Yuji Nagata (1-5, 2 Pts) v. Satoshi Kojima (2-4, 4 Pts) [Block B]: Holy smokes, who knew that these two had this match in them in 2015. Basically this was just two old bulls beating the snot out of each other. This was the best Nagata match from the G1, it was the best Kojima match from the G1 and it very well may have been better (or at least as good as) than the Elgin/Anderson match that kicked off the tournament matches on Day 14. This was excellent, and I’m actually surprised at how good it turned out. Really physical, both guys just unloading everything they had. In the end, Nagata picks up the win in a match that I genuinely would have been okay going to either guy, it was that good. I’m probably overreacting a little bit because I didn’t have very high hopes going in, but if I give them some extra credit for exceeding my expectations then so be it.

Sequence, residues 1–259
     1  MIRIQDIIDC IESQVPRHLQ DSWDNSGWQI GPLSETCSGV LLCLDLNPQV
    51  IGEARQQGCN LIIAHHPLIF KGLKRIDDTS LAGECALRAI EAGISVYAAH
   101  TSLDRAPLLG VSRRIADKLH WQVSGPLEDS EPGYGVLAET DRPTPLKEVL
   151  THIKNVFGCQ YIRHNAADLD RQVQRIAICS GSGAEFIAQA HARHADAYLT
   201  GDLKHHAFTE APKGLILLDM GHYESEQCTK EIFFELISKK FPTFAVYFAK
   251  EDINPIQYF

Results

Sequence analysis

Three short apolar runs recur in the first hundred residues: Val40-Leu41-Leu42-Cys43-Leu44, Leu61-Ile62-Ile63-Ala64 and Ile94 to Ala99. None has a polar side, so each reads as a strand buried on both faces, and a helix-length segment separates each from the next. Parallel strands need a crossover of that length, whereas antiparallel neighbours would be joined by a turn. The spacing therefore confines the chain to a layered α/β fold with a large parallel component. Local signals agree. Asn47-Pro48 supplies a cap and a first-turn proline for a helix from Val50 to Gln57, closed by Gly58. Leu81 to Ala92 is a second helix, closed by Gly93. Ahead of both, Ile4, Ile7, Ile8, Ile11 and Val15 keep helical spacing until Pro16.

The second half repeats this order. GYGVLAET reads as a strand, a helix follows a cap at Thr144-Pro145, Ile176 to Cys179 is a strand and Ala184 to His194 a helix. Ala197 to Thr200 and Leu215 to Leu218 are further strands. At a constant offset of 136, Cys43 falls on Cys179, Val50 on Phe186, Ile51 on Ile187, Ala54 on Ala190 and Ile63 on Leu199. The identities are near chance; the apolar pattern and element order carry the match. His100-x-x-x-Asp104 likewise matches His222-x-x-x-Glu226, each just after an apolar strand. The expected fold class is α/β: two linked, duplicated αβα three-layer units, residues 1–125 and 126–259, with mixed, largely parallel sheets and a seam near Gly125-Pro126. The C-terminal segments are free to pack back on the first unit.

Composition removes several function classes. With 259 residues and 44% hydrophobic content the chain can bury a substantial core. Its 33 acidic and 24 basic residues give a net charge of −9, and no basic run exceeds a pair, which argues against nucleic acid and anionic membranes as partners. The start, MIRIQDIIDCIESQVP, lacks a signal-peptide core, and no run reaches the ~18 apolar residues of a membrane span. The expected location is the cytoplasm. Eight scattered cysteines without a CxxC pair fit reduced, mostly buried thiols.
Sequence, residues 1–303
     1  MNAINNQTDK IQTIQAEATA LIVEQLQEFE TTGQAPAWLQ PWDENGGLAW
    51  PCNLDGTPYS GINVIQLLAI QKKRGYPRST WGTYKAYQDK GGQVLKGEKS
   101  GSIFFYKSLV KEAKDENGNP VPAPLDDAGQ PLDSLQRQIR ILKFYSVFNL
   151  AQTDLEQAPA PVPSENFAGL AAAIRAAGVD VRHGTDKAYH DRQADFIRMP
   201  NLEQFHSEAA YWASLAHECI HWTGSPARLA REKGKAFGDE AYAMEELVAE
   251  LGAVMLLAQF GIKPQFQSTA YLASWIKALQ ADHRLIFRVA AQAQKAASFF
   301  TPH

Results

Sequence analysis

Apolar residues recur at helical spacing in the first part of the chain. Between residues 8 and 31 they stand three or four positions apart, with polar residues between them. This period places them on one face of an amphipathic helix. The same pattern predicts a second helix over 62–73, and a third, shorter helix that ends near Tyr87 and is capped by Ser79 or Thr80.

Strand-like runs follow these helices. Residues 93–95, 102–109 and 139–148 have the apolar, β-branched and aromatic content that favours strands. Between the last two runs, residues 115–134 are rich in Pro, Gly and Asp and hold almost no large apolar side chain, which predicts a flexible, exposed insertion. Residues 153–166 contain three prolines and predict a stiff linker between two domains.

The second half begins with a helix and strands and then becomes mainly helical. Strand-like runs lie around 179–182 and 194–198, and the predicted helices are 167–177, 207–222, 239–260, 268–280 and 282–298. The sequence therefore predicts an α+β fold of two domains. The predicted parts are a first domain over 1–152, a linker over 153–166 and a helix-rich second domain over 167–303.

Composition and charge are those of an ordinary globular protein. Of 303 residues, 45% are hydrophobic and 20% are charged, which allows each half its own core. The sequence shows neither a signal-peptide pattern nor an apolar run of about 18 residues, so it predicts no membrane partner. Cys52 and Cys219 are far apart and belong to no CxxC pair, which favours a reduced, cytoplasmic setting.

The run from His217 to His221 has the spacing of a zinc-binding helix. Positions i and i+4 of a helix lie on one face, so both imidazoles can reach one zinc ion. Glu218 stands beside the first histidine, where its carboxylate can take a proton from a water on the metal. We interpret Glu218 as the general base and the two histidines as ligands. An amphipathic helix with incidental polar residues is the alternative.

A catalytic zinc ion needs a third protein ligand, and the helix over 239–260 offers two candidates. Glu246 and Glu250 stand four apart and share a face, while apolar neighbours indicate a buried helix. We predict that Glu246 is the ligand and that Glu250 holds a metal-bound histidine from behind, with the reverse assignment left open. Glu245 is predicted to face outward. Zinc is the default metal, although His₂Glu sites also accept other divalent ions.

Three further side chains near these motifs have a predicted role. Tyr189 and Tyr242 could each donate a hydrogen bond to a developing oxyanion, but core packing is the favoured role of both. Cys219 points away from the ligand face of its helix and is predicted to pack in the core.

Kazuchika Okada (5-1, 10 Pts) v. Yujiro Takahashi (2-4, 4 Pts) [Block B]: I don’t have a lot to say about this — it was kind of terrible. Okada tried. There were times when Okada was clearly putting himself in harm’s way to make this work — launching himself over the barricade to take out Takahashi and Hall comes to mind right off the bat. But Takahashi stinks, and the crowd is so ambivalent about him that after his ring entrance they all go into a collective coma and don’t wake up again until they hear that the match ended. The third slot has typically been a great match, not so much tonight — in keeping with the theme of tipping everything on it’s head because the opening match on Day 14 was excellent and that’s usually the spot reserved for a lousy match. I confess that my bias against Takahashi probably impacted my rating of this match, but it wasn’t very good regardless and I’m not sad that it’s over. Okada had to overcome both Takahashi and Hall, which of course he did because Takahashi and Hall are the Bullet Club equivalent of two guys who set up the chairs.